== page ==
When playing an open game, players should utilize their long distance attackers/defenders, taking advantage of their ability to control a great number of squares. One of the techniques I recommend to beginners when trying to determine where to place their pieces is counting squares of control. In the above example, the Kingside Bishop had the choice of moving to one of five squares. Why c4? The reason is twofold. First a Bishop on c4 controls ten different squares, whereas any place else along the f1-a6 diagonal, the Bishop controls only seven squares. The second reason that c4 makes sense is that it attacks the f7 square and cuts through one of the central squares, d5. Rooks play an important role in the opening as well. Rooks can be moved along their starting rank to protect pieces working their way towards the opposition’s side of the board. They can sit safely on their starting rank and protect pawns and pieces marching across the board. Because they’re long distance attackers/defenders their influence is great, especially as files start to open up as the game progresses. While the Queen combines the moves of the Bishop and Rook, making her a powerful piece, it’s best for beginners not to move her around too early. With that said, she can still influence squares deep within the opposition’s side of the board, but keep her close to home at the game’s start!

Closed games are the opposite of open games in that there are not a lot of empty squares, especially around the center of the board. This means that our long distance attackers/defenders don’t have much mobility. The closed game is the realm of the Knight! Because Knights can jump over other pieces, a position that would shut out our long distance attackers/defenders gives the Knight little worry. After all, he can simply jump over the traffic jam of pawns and pieces. Closed games require careful positional play in which pawns and Knights are often the stars of the show.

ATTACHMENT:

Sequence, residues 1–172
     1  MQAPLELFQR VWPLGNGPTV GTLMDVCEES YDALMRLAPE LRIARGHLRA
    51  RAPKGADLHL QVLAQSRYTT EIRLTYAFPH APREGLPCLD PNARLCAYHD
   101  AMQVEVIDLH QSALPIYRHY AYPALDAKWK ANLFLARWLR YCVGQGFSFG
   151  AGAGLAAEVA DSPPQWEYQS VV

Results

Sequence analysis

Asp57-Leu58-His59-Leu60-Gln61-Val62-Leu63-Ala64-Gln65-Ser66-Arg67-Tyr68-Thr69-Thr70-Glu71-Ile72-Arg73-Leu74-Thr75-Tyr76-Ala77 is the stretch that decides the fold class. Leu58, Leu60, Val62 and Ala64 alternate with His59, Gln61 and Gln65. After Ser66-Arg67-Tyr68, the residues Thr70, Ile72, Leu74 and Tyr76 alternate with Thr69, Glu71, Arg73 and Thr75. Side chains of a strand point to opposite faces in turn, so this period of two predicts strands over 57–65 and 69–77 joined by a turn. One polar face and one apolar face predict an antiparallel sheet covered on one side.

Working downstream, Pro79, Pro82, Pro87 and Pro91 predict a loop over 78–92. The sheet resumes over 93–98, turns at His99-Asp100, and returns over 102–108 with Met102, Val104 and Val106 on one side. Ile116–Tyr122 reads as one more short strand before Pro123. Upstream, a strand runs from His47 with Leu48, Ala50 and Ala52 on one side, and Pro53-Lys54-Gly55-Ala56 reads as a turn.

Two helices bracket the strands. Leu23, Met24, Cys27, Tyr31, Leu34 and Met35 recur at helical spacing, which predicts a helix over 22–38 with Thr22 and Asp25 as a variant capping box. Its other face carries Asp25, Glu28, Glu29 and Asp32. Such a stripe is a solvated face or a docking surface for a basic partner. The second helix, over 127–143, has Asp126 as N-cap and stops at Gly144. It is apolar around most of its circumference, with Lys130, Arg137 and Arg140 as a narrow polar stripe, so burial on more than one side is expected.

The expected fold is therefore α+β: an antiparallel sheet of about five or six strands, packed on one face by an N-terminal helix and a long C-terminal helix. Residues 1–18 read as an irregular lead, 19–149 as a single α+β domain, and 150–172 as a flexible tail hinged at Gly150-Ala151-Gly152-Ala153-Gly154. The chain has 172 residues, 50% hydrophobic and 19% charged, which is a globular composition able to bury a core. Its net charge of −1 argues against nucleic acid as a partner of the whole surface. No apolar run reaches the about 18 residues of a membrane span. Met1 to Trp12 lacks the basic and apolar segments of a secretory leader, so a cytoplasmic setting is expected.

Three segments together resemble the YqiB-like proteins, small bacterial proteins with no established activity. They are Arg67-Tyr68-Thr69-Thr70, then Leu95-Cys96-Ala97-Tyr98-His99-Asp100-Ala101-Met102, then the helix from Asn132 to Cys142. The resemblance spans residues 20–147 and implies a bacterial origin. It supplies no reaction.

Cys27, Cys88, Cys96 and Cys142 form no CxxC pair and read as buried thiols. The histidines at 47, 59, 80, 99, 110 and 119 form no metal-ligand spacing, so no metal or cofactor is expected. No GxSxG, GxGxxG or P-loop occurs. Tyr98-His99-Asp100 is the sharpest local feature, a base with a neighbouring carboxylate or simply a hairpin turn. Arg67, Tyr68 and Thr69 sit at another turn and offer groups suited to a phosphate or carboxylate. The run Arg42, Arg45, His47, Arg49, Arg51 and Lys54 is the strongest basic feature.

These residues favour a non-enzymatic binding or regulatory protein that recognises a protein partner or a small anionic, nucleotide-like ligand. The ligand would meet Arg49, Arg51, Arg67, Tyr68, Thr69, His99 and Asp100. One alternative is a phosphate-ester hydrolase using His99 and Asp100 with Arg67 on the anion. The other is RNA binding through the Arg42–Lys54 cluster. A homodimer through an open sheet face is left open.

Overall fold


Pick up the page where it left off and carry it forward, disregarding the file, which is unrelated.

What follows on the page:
So let’s now look at the relative value of the Bishop and Knight. While both are worth approximately three points (three pawns since pawns are the base unit in this system of valuation), their value can change based on type of game being played, open or closed. With beginners, I have them add an additional point to the piece’s value based on its position and the type of game it’s being used in (open or closed). In an open game, the Bishop is generally worth more. In a closed game the Knight is generally worth more. The idea is to get my students thinking about the role a piece plays in a game based on the type of position that piece is in. I know that other chess teachers use decimal equivalents, such as 3.25-3.75 to denote the increase in piece value based on position. However, it is much easier to use whole numbers when teaching beginners.

I use the Bishop and Knight as examples because they share the same relative value which can lead the beginner to think they’re equal. Even though both pieces move in very different ways, the problem of an equal relative value can lull the beginner into treating both pieces the same regardless of position or game type. Creating a fluctuating value helps define the differences between these pieces and helps when learning the differences between open and closed games/positions. Here is an amazing Paul Morphy game to play through. Note the Knights and Bishops. This is one of the greatest endings to a chess game I’ve seen. Enjoy!

Hugh Patterson

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About Hugh Patterson

Prior to teaching chess, Hugh Patterson was a professional guitarist for nearly three decades, playing in a number of well known San Francisco bands including KGB, The Offs, No Alternative, The Swinging Possums and The Watchmen. After recording a number of albums and CDs he retired from music to teach chess. He currently teaches ten chess classes a week through Academic Chess. He also created and runs a chess program for at-risk teenagers incarcerated in juvenile correctional facilities. In addition to writing a weekly column for The Chess Improver, Hugh also writes a weekly blog for the United States Chess League team, The Seattle Sluggers. He teaches chess privately as well, giving instruction to many well known musicians who are only now discovering the joys of chess. Hugh is an Correspondence Chess player with the ICCF (International Correspondence Chess Federation). He studied chemistry in college but has worked in fields ranging from Investment Banking and commodities trading to Plastics design and fabrication. However, Hugh prefers chess to all else (except Mrs. Patterson and his beloved dog and cat).